Now, as light propagates through the optical system,
lens 2 sees an object (the Fourier pattern) at its object
focal plane and will form an image of this pattern at a
screen at infinity (at very large distance from it). You
will take measurements to describe the Fourier pattern at a
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screen at a large distance from lens 2. Measure the distance
form lens 2 and the screen used for observation,  . The
transverse
magnification
given by || =
of the Fourier pattern is
then
( −)

Sketch a drawing in your notebook of the pattern you
observe at the screen. Consider the brightest spot in the
pattern as a reference point and take measurements for the
location of the several other bright spots you observe in
image of the Fourier pattern at the screen.
Bring a new lens (lens 3) to the setup to create a
magnified image of the real object at the screen. Find the
location to form a sharp image of the object on the distant
screen. Move the lens 3 in and out of the optical path. You
will observe the magnified object pattern (, ) when the
lens is in the optical path, and the magnified Fourier
pattern ( ,  ) when the lens is out of the optical path.
You are performing a two dimensional Fourier transformation
by moving the lens in and out of the optical path.
Insert a slit (with the blades oriented in the vertical
direction) at approximately the Fourier plane. Because the
opening of the slit is set along the vertical direction, it
will
remove
horizontal
some
spatial
direction,
 .
frequencies
Slowly
move
spread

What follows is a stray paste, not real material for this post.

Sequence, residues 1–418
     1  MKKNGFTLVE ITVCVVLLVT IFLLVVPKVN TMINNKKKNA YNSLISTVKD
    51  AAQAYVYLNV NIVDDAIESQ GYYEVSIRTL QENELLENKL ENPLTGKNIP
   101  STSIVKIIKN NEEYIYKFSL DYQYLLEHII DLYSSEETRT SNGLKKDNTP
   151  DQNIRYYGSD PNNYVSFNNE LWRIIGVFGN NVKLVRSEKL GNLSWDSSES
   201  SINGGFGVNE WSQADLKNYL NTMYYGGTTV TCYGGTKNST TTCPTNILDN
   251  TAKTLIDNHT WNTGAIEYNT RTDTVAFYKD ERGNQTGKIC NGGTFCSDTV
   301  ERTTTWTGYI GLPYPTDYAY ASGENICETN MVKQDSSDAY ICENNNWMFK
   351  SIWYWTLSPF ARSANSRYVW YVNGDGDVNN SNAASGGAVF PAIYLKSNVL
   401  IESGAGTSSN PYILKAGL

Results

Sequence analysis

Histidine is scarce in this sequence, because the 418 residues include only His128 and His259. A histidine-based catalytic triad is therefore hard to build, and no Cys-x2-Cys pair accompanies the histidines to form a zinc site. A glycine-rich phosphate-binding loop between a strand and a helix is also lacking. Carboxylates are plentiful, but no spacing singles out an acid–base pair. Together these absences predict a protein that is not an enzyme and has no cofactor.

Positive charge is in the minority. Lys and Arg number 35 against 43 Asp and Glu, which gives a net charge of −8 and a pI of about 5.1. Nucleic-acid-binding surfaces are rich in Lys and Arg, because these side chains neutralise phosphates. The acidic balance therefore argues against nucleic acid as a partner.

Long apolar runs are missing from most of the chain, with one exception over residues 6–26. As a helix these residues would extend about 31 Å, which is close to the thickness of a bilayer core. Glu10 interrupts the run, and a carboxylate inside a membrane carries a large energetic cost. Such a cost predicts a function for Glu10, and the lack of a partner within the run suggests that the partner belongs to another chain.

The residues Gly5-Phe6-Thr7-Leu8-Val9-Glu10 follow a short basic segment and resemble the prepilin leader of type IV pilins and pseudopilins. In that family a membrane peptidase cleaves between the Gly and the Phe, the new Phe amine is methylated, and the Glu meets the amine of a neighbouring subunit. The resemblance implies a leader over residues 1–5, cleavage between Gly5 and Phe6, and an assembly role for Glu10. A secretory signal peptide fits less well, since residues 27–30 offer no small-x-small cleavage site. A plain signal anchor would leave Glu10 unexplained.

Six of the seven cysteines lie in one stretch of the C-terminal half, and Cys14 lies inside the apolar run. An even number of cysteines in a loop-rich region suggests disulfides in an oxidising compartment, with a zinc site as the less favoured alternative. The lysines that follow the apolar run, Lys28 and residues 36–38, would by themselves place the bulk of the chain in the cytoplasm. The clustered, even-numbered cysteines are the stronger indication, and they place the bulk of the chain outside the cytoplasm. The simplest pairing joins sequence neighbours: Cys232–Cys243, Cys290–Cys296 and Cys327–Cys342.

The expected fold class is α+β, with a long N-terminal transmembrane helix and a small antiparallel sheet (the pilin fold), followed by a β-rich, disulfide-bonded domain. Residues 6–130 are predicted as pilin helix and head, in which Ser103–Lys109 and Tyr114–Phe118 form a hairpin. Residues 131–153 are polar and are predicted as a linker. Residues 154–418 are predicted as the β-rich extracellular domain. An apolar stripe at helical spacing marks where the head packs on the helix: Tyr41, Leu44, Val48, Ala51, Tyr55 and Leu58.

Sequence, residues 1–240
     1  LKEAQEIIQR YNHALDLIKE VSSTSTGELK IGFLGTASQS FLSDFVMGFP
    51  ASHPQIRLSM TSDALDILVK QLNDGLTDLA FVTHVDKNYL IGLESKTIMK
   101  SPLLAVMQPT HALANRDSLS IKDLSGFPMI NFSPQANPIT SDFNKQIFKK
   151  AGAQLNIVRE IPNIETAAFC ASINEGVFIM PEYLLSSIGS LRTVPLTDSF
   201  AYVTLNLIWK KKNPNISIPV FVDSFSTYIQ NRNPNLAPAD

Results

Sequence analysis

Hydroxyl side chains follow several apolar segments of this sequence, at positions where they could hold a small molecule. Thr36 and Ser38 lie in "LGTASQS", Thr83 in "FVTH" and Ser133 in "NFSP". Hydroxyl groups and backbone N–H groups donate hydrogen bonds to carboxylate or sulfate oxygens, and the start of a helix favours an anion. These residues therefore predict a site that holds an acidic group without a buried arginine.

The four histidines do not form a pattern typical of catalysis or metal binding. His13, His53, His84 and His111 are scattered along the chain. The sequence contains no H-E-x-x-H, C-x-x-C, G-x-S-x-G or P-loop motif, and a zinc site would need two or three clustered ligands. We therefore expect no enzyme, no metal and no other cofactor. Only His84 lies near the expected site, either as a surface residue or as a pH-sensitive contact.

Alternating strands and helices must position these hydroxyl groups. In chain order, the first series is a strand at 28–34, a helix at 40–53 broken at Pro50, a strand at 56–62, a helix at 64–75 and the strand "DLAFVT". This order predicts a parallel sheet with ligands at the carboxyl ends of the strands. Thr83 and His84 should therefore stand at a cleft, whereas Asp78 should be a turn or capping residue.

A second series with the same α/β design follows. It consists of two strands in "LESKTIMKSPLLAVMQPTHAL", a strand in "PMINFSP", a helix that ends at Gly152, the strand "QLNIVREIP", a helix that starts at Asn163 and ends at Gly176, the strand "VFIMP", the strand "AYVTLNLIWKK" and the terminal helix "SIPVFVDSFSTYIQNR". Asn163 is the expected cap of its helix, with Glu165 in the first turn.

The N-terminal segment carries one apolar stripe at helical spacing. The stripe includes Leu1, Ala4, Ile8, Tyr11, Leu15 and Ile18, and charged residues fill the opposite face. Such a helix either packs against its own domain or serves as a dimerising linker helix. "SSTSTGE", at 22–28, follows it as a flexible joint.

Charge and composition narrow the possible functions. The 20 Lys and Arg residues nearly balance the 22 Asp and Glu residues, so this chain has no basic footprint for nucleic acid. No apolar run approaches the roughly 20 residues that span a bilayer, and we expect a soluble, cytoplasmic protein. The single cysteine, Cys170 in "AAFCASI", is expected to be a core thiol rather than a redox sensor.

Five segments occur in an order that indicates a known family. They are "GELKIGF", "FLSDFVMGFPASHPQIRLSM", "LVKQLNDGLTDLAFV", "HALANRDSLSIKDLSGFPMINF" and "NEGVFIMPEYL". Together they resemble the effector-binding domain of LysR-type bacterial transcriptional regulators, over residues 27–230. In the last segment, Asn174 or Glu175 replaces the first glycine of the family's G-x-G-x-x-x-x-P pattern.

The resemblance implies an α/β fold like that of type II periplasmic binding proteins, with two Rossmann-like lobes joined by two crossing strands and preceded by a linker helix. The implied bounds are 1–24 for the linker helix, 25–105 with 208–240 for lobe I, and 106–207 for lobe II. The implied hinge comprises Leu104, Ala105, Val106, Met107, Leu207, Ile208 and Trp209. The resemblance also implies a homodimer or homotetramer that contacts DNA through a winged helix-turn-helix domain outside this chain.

the
slit
in
in
the
the
horizontal direction and observe what happen at the screen.
Bring lens 3 in and out of the optical path. You should be
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able to remove the horizontal lines from the magnified image
of your object.
Analysis:
Consider the bright spots in one line in the vertical
direction. The spatial frequencies in the vertical direction
will then be given by: (, ) =
∆
⁄
,

where ∆
is the
verticalistance to the reference point for each bright spot
marked
by
integer
 = ±1, ±2, ±3, …
and
the
positive
and
negative signs correspond to above and below the reference
point, respectively. As the image at the distant screen of
the Fourier pattern has been magnified, the corresponding
spatial frequency , in the back focal plane of lens 1
(Fourier plane in the Figure) is given by: , =  (, ) =
2
0
(, ). Given a mesh with a regular vertical grid size of
Λ , the spatial frequency in the vertical direction will be
given by , = 
2
Λ
=
2
0
(, ).
Create a table of  and
=
1
0
1
0
(, ). Plot  =  versus
(, ). The slope of a linear fit of  versus  should
give you the vertical grid size Λ .
Repeat your analysis above for the horizontal direction
and determine Λ .
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Questions to consider:
1. What would happen if the grid size was not constant along the
illuminated pattern?
2. What would happen if Λ was smaller than the laser wavelength?
3. Mathematically describe the two dimensional object with a regular
square
pattern
along
in
x-y
plane.
Calculate
the
Fourier
transformation of this two dimensional pattern.